The exaggerated terrains and symbolic landscapes of Caspar David Friedrich (1774-1840) capture a moment in history when romantic thought was at its most powerful and sublime. Not only in the arts, but in the sciences too. Figures like Alexander von Humboldt and through him, Charles Darwin absorbed this sense of the sublime in nature. Nature was not just beautiful, but awe inspiring, somewhat terrible, but fascinating and grand.
Yet this romantic art is not a kind of pure realism that simple turns its glance on the natural world. Looking at his notes show how Friedrich constantly exaggerated features to make his landscapes “say” something. The above picture “Cloister Graveyard in the Snow” just looks like a ruin at first, but it was painted to express the division of society and the church caused by the protestant reformation. The two trees pointing away from each other, graves on either side, the ruined cloister directly between them. These images are far from the politically neutral. They are rich and challenging, and yet you sometimes get the feeling that you could see them just by going for a walk in the woods, which is another strength, not soon forgotten.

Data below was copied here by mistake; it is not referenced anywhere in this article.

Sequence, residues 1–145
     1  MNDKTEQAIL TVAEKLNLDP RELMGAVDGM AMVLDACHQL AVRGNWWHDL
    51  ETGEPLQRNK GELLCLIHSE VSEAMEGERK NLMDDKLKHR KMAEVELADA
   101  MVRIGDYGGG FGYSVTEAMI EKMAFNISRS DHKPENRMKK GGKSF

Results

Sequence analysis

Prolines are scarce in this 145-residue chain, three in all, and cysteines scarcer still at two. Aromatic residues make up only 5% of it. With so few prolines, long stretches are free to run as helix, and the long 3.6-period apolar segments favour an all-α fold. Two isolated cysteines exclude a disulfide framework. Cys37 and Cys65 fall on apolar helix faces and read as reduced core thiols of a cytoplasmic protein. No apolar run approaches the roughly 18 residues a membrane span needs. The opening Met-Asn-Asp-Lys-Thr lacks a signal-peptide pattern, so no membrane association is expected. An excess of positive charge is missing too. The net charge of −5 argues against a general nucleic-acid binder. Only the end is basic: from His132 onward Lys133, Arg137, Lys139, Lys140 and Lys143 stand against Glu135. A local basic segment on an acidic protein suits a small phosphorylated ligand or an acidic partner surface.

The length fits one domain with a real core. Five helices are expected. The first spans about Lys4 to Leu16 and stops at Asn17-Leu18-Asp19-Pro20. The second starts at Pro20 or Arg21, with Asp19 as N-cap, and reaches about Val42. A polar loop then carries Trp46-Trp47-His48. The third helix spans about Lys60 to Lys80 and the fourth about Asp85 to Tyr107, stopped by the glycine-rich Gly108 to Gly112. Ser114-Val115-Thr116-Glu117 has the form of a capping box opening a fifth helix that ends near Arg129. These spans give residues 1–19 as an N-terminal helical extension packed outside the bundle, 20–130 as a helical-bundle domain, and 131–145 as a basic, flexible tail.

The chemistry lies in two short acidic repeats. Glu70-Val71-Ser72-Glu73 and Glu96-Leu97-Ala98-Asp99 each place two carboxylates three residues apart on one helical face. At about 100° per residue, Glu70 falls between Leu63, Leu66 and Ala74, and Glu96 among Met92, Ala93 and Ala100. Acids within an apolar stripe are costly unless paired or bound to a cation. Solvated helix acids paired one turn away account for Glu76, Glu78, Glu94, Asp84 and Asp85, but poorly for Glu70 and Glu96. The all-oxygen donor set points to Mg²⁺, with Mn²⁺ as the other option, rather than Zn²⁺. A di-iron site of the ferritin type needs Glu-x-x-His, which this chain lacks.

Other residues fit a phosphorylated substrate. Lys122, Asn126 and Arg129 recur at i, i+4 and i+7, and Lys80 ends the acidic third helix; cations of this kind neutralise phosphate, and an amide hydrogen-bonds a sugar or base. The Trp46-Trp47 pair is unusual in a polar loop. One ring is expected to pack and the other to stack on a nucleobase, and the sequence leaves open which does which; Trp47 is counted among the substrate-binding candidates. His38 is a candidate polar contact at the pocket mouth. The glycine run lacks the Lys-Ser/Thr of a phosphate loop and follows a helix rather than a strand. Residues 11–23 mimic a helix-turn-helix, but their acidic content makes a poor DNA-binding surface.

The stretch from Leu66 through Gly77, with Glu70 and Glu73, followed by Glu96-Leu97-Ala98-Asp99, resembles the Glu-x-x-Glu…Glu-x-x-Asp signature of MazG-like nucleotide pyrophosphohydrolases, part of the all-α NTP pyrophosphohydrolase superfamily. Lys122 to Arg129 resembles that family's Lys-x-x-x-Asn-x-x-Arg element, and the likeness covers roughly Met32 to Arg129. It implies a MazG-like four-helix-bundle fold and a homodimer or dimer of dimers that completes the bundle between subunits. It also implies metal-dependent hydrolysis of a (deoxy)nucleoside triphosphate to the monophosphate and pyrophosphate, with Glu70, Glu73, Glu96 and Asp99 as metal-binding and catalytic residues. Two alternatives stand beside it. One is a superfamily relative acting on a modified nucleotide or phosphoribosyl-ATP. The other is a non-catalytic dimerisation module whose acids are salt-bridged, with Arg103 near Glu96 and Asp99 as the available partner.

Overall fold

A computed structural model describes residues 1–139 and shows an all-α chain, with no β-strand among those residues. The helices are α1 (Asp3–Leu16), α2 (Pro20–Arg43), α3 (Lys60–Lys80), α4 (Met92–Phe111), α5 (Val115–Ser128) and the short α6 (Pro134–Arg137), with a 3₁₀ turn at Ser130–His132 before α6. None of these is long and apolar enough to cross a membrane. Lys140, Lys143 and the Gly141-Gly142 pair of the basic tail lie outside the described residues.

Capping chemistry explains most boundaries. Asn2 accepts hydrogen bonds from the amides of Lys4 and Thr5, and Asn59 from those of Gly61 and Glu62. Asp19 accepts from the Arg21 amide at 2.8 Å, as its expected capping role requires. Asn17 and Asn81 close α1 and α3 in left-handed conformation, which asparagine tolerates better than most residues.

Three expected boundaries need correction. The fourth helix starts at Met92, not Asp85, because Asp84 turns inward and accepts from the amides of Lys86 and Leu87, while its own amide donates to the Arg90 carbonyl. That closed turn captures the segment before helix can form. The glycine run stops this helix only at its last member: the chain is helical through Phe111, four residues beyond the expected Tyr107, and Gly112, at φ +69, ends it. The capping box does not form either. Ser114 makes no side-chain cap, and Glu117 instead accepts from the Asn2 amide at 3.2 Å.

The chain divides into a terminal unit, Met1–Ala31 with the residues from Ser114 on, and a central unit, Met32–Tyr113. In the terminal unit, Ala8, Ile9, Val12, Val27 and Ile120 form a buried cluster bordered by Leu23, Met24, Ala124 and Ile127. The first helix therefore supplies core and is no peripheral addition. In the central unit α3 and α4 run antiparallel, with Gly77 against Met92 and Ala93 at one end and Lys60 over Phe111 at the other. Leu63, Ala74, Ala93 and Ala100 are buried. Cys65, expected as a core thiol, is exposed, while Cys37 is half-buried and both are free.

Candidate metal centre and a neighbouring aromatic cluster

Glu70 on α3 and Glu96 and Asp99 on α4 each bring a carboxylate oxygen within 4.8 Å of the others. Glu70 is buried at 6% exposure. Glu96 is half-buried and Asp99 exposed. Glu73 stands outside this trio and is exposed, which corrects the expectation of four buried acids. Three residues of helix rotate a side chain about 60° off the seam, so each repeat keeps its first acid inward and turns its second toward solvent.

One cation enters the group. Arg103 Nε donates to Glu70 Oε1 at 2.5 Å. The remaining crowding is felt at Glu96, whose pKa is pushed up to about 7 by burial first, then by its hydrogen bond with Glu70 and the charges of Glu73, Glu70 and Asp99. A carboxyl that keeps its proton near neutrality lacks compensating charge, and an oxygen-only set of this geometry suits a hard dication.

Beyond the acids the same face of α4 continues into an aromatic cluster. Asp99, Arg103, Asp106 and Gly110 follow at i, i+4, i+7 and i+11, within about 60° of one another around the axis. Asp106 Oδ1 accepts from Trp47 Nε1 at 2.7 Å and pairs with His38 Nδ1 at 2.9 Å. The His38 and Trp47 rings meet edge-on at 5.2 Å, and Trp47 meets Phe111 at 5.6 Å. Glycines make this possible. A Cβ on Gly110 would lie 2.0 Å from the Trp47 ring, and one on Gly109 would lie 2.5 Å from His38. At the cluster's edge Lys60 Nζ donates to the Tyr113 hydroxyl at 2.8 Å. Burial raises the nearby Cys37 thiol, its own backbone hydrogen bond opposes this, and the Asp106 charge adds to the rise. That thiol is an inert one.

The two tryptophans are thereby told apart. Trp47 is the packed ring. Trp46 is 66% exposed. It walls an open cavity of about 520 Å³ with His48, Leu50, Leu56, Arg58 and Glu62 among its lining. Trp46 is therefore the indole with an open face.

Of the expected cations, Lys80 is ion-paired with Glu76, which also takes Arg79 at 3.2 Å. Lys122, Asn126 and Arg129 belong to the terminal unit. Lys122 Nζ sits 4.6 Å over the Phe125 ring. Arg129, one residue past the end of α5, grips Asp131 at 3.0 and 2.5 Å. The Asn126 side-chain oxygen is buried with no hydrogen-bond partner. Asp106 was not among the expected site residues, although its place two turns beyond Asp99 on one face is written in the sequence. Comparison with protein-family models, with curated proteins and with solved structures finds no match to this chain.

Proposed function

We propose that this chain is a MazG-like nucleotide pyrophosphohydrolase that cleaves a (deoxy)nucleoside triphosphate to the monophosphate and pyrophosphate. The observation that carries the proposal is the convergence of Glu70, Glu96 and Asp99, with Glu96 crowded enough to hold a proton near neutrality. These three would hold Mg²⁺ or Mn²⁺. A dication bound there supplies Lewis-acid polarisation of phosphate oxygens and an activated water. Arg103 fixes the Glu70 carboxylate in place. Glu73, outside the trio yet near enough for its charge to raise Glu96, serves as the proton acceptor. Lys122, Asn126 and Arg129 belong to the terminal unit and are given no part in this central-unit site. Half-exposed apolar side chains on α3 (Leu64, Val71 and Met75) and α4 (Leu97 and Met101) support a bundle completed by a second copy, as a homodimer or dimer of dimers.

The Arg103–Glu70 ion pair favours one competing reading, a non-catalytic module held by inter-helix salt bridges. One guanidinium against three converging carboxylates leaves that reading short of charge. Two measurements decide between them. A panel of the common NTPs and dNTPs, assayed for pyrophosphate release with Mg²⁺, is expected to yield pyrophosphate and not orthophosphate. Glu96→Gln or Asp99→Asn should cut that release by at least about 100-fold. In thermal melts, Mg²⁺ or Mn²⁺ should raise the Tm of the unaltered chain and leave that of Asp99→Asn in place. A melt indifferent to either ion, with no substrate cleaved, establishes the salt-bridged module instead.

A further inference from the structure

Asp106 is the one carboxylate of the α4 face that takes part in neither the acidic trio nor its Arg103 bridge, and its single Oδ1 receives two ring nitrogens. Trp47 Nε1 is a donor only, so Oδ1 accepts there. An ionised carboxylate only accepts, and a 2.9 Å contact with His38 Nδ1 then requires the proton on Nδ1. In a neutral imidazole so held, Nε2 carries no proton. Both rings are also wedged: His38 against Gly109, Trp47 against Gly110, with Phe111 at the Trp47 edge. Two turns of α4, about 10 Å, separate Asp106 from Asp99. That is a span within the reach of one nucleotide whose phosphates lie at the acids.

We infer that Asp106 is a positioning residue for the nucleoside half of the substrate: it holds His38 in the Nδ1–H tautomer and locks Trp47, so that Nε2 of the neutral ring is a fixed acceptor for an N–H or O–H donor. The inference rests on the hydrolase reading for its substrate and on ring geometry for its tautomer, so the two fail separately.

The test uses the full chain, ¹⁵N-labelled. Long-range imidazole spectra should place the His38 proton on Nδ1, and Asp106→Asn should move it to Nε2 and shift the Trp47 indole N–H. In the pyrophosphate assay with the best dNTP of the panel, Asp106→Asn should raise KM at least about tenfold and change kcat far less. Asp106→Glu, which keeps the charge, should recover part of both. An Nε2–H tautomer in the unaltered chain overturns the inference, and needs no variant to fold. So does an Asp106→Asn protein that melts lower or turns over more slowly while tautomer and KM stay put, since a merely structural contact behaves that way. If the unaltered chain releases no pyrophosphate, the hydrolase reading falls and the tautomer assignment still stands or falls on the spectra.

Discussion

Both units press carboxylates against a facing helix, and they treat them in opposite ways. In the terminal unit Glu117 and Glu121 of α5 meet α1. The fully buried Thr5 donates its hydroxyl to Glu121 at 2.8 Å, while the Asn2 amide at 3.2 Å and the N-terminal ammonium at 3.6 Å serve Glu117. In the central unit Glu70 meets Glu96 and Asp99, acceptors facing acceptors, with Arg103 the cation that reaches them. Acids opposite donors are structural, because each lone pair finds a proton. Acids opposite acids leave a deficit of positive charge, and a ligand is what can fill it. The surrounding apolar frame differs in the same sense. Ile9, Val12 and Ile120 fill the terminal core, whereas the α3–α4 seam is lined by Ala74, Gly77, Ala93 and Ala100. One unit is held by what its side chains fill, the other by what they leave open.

For More Information: http://en.wikipedia.org/wiki/Caspar_David_Friedrich
Koerner, Joseph Leo. 1998. Caspar David Friedrich and the Subject of Landscape. New Haven: Yale University Press.